The Government ostensibly agree that tenants are at the heart of the Bill, and Ministers have repeatedly assured us that one of its primary objectives is to give social housing tenants a voice and ensure that it is listened to. Yet when it comes to providing ways in which tenant representatives can exert a measure of control over the work of the regulator, shape the future direction of the regulatory arrangements that the Bill establishes and proactively influence national regulation and policy so as to shape the services that tenants receive from their landlords, we feel that the Bill is somewhat lacking in ambition.

Clause 2 provides for the establishment of the advisory panel. We very much welcome its establishment as a means of providing independent and unbiased information and advice to the regulator about matters relating to the regulator’s functions, and the fact that it can do so without the regulator making such a request. However, the advisory panel established by clause 2 is neither independent nor able to meaningfully influence the setting of national regulation and policy, because the Bill provides only for the panel to supply information and advice to the regulator—the same body that controls the panel’s membership and functioning.

Amendment 14 seeks to press the Government to reconsider whether the Bill should provide a means for the panel to provide information and advice directly to the Secretary of State in circumstances in which it feels that it is necessary to do so. An example of such circumstances would be where the panel had identified an issue or issues affecting social housing regulation that it believed warranted the Secretary of State considering further legislative or non-legislative change.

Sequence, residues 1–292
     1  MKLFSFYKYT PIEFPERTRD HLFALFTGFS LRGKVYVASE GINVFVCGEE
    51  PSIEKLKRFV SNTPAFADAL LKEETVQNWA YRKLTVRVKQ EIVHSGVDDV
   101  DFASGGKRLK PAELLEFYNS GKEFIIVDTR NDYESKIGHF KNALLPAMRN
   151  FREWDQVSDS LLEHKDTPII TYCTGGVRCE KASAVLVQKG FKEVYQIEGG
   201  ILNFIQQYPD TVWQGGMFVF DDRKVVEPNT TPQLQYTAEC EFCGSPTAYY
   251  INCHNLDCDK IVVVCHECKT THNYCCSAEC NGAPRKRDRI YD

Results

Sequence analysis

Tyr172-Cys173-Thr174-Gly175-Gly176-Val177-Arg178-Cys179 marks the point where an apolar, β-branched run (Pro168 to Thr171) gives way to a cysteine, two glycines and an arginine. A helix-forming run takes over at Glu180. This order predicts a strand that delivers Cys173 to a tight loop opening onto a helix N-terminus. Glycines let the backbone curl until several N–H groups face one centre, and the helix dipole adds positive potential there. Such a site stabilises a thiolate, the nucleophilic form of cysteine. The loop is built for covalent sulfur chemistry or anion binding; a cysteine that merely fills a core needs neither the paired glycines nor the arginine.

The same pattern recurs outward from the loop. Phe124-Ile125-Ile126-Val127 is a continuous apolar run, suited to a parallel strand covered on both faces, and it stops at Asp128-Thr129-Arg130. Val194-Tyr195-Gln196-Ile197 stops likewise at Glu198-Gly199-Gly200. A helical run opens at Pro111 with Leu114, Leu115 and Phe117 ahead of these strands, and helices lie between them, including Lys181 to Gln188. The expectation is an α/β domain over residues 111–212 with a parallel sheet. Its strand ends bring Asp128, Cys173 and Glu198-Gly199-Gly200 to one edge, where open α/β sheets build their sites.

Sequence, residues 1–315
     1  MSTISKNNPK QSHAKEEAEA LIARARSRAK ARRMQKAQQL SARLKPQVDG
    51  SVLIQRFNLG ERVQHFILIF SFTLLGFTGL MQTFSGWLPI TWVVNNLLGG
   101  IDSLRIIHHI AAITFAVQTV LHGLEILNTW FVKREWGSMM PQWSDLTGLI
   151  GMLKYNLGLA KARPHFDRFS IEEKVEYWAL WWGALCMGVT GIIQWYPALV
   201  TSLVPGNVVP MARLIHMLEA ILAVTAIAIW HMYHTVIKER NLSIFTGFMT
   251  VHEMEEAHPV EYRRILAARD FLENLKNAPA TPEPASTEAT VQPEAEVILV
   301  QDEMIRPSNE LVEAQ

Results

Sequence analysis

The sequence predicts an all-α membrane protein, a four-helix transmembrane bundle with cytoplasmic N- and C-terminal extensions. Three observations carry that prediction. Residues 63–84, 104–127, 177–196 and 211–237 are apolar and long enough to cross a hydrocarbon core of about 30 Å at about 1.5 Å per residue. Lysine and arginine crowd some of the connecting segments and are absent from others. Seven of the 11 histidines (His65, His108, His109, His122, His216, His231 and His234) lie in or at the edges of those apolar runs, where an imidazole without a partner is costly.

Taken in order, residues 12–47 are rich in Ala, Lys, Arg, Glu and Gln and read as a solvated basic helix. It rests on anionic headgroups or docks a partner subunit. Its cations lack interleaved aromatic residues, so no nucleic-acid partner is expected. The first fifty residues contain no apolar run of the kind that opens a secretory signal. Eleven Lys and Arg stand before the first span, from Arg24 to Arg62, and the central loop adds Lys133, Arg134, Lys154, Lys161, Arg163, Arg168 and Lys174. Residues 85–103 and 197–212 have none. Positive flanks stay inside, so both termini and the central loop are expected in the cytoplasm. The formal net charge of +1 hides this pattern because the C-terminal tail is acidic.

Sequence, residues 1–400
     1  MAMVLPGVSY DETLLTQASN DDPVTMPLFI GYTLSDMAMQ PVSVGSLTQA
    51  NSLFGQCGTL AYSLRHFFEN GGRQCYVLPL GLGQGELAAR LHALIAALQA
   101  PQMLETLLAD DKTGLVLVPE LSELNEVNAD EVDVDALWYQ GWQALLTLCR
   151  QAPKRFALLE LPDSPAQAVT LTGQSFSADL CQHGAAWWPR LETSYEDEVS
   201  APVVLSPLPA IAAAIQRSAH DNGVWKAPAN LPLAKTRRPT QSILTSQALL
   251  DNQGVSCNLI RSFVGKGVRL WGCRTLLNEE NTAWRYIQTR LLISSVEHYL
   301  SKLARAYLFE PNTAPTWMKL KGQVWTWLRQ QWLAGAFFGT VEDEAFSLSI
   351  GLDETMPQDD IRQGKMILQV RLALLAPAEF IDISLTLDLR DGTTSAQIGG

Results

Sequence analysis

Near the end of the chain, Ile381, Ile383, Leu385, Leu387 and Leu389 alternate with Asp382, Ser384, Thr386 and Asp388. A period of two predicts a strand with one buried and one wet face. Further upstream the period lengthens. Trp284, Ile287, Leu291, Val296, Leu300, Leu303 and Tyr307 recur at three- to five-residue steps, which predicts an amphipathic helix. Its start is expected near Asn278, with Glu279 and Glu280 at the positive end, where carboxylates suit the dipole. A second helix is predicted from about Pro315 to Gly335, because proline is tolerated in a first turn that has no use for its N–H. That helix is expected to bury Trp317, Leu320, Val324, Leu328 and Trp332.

There is clear precedent when it comes to non-departmental public bodies having the ability to raise key sector issues and risks directly with Ministers. For example, as well as advising persons exercising functions or engaged in activities affecting children on how to act compatibly with the rights of children, the Office of the Children’s Commissioner can bring matters directly to the attention of the Secretary of State or either House of Parliament.

We believe that the change proposed by amendment 14 is proportionate and sensible. The occasions on which the advisory panel is likely to feel the need to issue information and advice directly to the Secretary of State are likely to be rare—no doubt extremely rare—but we believe that it is important that the option be available to the panel should it feel that such a course of action is warranted. By amending the Bill to provide that option, we would at least ensure that the panel was given a limited degree of autonomous action by providing it with the recourse to bring matters of concern directly to the attention of Ministers, despite the fact that it is ultimately controlled by the regulator. I hope that the Minister will give serious consideration to this amendment.